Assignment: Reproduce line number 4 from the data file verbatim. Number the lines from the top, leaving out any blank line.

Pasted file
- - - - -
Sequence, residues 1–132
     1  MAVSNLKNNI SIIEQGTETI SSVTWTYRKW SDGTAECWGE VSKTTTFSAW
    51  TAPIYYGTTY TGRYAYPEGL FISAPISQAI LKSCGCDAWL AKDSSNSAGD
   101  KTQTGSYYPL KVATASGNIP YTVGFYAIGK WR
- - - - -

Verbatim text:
   101  KTQTGSYYPL KVATASGNIP YTVGFYAIGK WR